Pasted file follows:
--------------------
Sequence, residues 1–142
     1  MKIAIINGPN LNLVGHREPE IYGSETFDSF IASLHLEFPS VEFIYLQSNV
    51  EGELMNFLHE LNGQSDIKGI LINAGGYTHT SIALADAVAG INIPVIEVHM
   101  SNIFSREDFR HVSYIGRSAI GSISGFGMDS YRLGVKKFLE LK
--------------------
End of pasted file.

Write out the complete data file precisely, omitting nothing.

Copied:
Sequence, residues 1–142
     1  MKIAIINGPN LNLVGHREPE IYGSETFDSF IASLHLEFPS VEFIYLQSNV
    51  EGELMNFLHE LNGQSDIKGI LINAGGYTHT SIALADAVAG INIPVIEVHM
   101  SNIFSREDFR HVSYIGRSAI GSISGFGMDS YRLGVKKFLE LK